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Cloud services are very extensive, and they encompass many IT resources provided over the Internet. The term can also be used to describe professional services that support the selection, organization and current management of numerous cloud-based resources. This article will highlight types of services offered by cloud systems.

Data-as-a-service (DaaS)

The DaaS model is developed to assist in unloading the risks and burdens of Data Management to a third-party cloud-based provider. Traditionally, companies used a self-contained storage system to store and manage their data.

The challenge the companies faced with this model is that the data became more difficult and expensive to maintain as it became more complex.

When using DaaS cloud computing model, you can easily access your data through a cloud-based platform. Business-critical data can be obtained from an existing data center via DaaS.

Within the DaaS environment, organizational or geographical barriers cannot hinder data being delivered to the user. DaaS technology powers common business applications like Enterprise Resource Planning (ERP) applications and Customer Resource Management (CRM) applications.

Security-as-a-service (SECaaS)

Security-as-a-service is the model used to outsource security management. The term can also refer to in-house security management provided by an external organization. Typically, this model involves application like anti-virus software, delivered over the internet.

SECaaS has numerous benefits to its users. Some of these advantages include continuous virus definition updates which do not rely on user compliance, faster user provisioning and improved security proficiency, which is typically not available within an organization.

Also, SECaaS assists in outsourcing of administrative tasks, like log management to save time and money, and give an organization the opportunity to devote more time to its core competencies.

Software-as-a-service (SaaS)

SaaS is considered to be at the highest level. It is used to deliver applications to a consumer or business user via the web browser client. The business logic and data for the application operate on a server located somewhere on the network but not in an application running on the user’s PC.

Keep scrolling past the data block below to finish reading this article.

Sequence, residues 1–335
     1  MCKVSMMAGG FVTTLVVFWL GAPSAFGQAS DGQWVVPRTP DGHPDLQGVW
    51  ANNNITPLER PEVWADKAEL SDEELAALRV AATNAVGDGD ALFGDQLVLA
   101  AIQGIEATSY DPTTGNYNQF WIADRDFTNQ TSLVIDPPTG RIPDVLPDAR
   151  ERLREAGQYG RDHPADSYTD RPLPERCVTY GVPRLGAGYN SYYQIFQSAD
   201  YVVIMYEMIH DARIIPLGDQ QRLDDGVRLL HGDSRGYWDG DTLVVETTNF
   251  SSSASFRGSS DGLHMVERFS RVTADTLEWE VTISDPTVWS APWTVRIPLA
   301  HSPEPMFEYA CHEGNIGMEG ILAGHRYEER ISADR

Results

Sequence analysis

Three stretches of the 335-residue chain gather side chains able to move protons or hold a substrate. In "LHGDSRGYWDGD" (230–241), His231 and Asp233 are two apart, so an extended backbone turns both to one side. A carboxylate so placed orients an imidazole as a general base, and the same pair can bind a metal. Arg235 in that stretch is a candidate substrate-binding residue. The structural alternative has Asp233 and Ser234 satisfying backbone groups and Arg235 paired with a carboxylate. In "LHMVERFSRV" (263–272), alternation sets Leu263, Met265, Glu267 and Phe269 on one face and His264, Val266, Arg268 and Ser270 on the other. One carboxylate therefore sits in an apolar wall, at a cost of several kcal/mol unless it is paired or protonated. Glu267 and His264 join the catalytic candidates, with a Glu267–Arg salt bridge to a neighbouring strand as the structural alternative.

The end user can purchase the software through subscription, not in one time, upfront license fee. Examples of SaaS applications are very many, but the common one is, an enterprise CRM tool. Other examples include, Google Docs, Jira and Microsoft Office 365.

Infrastructure-as-a-service (IaaS)

This is considered to be at the lowest level and at times as close to the metal as you can get. An IaaS provider offers services to networked computers running in a hosted environment, or simply, the service provider provides the hardware, and the essential operating system (OS)

Almost every web hosting company considers using the services of an IaaS provider. What differentiates a web hosting provider and an IaaS provider is the methods they use to charge their services.

The computing power used, that is usually by CPU hour used by month is what determines what an IaaS provider will charge whereas a web hosting company charges by the system by the month.

Some of the well-known infrastructure-as-a-service providers include Rackspace, Google Compute Engine and Amazon EC2.


PaaS is considered to be somewhere in the middle. PaaS adds support for the development environment is what differentiates IaaS from PaaS, i.e, development language and application server technology.

By using this environment to write your application, you can very easily capitalize on the dynamic scalability, automated database backups, and other platform services without the need of using specific codes.

Therefore, PaaS offerings usually support a particular set of development environments or programming languages.

PaaS services bills come as an incremental cost, on top of the IaaS monthly bills. For example, the small monthly fees for using a load balancer or a database backup service.
Examples of PaaS providers are: Google App Engine, Cloud Foundry, Engine Yards and Amazon AWS Elastic Beanstalk platform-as-a-service build on top of Amazon’s Infrastructure-as-a-service.

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